This BLUE 815 Thing...
Updated: Nov 16, 2019
So here we are...what a road we've traveled so far. A road I never knew was there. A road that, quite honestly, I wish I wasn't any bit familiar with. The familiarity is sometimes not a choice for law enforcement families. It's one of those things in which you'd give anything to go back to how it was, before you knew what you know now. Back to what life was before you answered that middle-of-the-night phone call that changed life as you knew it...
Before November 5, 2017, I knew of the thin blue line. By "knew of" I mean I had a general idea of what it was, what it represented. But, in the early morning hours of 11.05.2017, knowing a little bit about that thin blue line became a figment of my imagination; the after contained the actuality of what that line is. I quite literally watched this line form through my own tear-filled eyes in the midst of chaos, down the hallways of an emergency room lined with family and close friends, and next to us down the remainder of the corridor - more law enforcement officers than I'd ever been in the presence of. They stood at attention, faces most would recognize as stone, but when you looked closely you saw the redness of their eyes, and on a few of those faces I witnessed quiet tears uncontrollably escaping down their cheeks. Those few moments, which seemed never-ending at the time, held the first true understanding that came together for me about this blue line. The after contains the reality of the thoughts I had pushed to the far back corners of my mind, a shock deeper than anyone could ever imagine unless they've experienced it themselves, the response to all the fear I wouldn't allow to creep into my heart as an "LEO sister" or "LEO cousin," because you just can't think that way day in and day out.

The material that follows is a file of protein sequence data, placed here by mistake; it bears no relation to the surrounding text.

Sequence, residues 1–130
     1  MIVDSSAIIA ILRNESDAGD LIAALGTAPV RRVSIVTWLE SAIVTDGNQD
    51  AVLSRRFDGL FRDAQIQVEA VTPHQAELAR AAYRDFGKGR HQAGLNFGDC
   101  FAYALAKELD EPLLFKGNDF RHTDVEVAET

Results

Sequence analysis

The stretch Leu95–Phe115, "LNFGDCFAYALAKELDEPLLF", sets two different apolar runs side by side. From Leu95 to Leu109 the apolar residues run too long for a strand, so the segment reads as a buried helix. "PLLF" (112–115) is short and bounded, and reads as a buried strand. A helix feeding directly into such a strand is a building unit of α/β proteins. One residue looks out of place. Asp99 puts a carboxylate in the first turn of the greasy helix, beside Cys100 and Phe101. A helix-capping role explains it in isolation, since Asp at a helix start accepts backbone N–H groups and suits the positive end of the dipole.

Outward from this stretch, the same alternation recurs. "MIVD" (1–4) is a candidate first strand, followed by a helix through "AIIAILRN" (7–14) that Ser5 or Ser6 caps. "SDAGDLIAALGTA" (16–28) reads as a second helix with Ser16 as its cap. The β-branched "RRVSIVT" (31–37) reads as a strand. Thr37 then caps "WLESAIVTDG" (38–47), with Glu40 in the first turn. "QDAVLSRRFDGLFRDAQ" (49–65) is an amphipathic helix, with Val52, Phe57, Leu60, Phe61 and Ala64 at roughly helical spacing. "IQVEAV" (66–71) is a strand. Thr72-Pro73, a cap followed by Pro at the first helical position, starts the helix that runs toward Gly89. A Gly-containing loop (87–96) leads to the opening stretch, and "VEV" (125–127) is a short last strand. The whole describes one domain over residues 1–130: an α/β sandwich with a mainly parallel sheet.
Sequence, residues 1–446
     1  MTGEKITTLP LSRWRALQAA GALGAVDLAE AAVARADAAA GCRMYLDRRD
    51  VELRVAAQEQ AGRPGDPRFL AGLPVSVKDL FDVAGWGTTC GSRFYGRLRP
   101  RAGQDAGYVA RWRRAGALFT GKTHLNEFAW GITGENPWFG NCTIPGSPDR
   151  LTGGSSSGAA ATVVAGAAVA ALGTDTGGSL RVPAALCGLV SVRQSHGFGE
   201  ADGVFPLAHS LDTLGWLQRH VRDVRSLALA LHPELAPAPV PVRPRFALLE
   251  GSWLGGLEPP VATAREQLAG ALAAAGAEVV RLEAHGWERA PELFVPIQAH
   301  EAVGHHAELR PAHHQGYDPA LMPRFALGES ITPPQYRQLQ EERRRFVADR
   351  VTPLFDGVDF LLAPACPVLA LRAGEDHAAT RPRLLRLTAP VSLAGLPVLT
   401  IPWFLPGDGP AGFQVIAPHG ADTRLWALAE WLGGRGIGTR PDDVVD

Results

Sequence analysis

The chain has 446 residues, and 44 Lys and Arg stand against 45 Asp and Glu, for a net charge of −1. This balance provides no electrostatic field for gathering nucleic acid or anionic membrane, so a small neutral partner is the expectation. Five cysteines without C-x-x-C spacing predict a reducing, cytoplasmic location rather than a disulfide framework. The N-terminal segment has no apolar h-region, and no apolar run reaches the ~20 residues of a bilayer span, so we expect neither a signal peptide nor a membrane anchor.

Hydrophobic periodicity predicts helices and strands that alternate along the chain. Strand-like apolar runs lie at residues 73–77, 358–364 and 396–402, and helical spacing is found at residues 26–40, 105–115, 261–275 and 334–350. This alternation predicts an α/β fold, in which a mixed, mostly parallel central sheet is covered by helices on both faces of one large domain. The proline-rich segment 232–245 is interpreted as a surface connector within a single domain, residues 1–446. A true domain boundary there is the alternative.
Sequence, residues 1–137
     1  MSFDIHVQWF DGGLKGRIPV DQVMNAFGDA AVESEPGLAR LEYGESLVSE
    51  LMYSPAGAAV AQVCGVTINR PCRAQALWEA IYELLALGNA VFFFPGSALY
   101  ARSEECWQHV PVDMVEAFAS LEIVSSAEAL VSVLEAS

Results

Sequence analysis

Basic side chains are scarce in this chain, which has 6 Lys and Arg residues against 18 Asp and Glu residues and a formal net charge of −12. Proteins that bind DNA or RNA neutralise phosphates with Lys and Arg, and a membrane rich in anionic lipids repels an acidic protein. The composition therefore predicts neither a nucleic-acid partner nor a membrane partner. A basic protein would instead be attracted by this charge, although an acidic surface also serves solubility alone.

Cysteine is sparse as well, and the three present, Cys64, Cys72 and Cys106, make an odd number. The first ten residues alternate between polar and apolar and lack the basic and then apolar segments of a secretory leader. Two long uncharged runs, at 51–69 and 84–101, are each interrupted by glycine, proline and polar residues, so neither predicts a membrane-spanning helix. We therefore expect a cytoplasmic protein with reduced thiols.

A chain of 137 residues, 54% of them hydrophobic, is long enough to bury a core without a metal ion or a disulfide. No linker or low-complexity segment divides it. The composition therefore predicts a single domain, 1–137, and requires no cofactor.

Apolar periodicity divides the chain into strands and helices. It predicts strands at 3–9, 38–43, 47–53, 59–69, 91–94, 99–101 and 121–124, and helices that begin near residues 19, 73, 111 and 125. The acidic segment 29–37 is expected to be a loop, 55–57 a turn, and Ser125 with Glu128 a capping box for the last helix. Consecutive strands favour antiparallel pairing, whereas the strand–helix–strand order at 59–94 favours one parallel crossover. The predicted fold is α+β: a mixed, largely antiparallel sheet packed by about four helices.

What I didn't realize in the early hours of that horrific morning, was a passion for an understanding I still didn't quite have yet was ignited. Eleven days later I would join a community member who was in the beginning stages of petitioning for the Morgan Street Bridge - which had been so beautifully lit up blue the day after Jaimie's death - to be renamed the Police Memorial Bridge. I would eventually head up this mission, speaking to leaders in our community I had never encountered before. You see, Jaimie had brought a broken community together in a way I never would have thought possible - no one could have thought it possible. The price of that feat was far too costly for most. The community spirit our leaders had been working so hard to cultivate was handed to them overnight, at the price of the ultimate sacrifice of a brave, selfless, 30-year old guy who had so much life left to live. It was paid for by his wife, our family, his friends and co-workers. I couldn't just let it fade away, and I feared greatly if I didn't take the reins on something, Jaimie's death could likely just fade into yesterday's news. That was unacceptable for me. I knew the bridge was a long shot. I also knew I needed to find something positive to focus my energy and grief on that would make Jaimie proud. To be clear, the bridge re-naming was meant to honor our fallen officers of the departments within Winnebago County. It was never meant for just Jaimie; he would never have wanted to be the only one honored for the sacrifice when so many others gave their lives before him. His sense of citizenship far exceeded average. The Police Memorial Bridge intended to honor the fallen and support their comrades who were still holding the line day-in and day-out, standing a little closer, taller, and stronger after they, too, had been broken.